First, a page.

It has long been common knowledge that a mother's behavior during pregnancy can have an impact on the health of her unborn child. But a new branch of science is now suggesting that that epigenetic factors in a father's life — such as consequences of traumas, diseases he once had, and even foods he ate — can have an impact on the health of future offspring as well, even if these behaviors and events took place long before the time of conception.
A recent New York Times article discussed these findings, and received an enormous response from expectant dads. Dr. Dolores Malaspina, a professor of psychiatry at New York University, researches this phenomenon, and says that more and more evidence has shown that it is not just the sequence of DNA that is passed on to our children. "There's this other source of information for the lived experiences of mom and dad, even before the offspring was a fused sperm and egg." The evolutionary reason for this is that the child is being "best fit" for the environment it is likely going to be born into. Epigenetic mechanisms can turn genes on and off, in order to make the fetus better-suited to the environment of his or her parents.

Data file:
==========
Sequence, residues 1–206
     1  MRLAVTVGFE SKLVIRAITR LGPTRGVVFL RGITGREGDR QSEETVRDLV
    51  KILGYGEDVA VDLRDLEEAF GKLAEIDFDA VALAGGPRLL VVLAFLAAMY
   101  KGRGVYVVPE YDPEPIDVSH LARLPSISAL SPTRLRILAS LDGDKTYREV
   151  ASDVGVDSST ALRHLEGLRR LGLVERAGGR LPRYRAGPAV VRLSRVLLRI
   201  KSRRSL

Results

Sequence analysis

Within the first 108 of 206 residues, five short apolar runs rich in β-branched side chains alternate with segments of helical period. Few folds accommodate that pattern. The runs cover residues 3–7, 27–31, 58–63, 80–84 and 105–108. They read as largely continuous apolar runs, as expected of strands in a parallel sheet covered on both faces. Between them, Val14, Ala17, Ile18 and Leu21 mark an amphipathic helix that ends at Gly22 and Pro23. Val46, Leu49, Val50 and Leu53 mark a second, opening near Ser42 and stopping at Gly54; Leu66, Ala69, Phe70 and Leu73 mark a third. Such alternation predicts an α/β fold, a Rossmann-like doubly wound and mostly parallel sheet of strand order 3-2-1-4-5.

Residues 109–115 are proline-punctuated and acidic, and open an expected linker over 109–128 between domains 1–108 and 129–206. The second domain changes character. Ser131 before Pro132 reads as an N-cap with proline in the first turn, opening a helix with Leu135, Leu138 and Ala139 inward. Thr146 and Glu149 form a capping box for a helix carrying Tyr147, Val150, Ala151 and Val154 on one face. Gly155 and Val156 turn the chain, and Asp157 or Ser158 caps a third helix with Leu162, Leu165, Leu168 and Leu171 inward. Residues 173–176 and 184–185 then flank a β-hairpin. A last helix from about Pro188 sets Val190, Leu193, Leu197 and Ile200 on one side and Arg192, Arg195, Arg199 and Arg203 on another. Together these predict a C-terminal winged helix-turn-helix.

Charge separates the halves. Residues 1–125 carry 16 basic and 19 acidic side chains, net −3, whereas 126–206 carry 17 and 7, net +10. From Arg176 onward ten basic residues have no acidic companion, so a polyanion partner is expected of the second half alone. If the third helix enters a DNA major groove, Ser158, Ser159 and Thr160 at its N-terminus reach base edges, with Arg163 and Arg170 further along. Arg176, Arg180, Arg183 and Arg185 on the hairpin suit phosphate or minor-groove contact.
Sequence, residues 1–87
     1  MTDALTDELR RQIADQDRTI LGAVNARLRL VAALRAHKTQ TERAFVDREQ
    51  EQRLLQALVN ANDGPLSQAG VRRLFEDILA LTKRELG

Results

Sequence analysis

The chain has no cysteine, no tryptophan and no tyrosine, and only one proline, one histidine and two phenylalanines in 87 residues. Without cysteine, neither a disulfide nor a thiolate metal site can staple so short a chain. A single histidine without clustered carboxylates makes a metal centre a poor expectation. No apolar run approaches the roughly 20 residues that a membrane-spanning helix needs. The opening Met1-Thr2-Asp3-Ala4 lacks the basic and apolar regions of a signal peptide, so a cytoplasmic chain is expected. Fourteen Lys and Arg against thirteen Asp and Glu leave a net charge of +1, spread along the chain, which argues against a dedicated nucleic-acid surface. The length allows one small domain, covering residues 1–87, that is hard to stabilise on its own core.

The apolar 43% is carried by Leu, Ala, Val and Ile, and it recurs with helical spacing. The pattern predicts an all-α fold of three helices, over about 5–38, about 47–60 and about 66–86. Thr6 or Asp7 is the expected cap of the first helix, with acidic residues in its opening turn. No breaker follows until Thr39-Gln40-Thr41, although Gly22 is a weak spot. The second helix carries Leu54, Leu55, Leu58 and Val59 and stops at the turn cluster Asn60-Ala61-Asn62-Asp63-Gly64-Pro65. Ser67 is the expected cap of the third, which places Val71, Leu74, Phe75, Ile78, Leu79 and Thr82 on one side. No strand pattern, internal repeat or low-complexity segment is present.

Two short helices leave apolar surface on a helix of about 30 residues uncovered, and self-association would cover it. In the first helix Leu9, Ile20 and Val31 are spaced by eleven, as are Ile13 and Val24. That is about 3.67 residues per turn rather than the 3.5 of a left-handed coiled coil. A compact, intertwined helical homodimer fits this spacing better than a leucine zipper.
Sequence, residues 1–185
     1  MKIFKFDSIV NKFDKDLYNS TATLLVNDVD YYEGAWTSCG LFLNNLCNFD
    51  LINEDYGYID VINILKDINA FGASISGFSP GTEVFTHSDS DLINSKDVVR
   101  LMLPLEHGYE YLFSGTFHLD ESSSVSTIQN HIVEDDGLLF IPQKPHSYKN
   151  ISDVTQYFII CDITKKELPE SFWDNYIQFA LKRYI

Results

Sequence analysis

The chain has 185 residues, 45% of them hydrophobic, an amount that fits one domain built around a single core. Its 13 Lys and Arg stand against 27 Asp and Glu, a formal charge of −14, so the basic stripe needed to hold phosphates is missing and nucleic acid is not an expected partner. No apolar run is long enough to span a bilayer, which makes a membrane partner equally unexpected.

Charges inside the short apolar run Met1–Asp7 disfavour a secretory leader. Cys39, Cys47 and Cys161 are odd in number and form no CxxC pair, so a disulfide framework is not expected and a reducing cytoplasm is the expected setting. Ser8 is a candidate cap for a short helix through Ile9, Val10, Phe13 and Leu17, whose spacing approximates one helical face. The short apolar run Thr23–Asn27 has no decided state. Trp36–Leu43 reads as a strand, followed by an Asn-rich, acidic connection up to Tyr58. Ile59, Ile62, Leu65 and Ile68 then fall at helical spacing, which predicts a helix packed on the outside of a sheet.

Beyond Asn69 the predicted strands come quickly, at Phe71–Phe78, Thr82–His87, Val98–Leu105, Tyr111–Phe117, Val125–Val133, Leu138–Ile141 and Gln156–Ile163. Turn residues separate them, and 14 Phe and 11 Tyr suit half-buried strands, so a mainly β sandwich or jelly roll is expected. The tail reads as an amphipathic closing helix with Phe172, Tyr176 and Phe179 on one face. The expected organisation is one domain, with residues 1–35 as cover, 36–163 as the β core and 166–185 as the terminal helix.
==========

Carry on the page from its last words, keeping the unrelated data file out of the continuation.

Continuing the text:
Erik German, an expecting father, is a bit worried about some of his own past behaviors. "I was a pretty enthusiastic cigarette smoker in college," he says, and though his wife was taking vitamins "like crazy" before their pregnancy, he was not. But Dr. Malaspina says this research should not be cause for panic among expecting parents — the news isn't all bad. "Because we study diseases, we pick those up, but perhaps some of the gifted and most individually capable creative thinkers have also had parents with unusual exposures."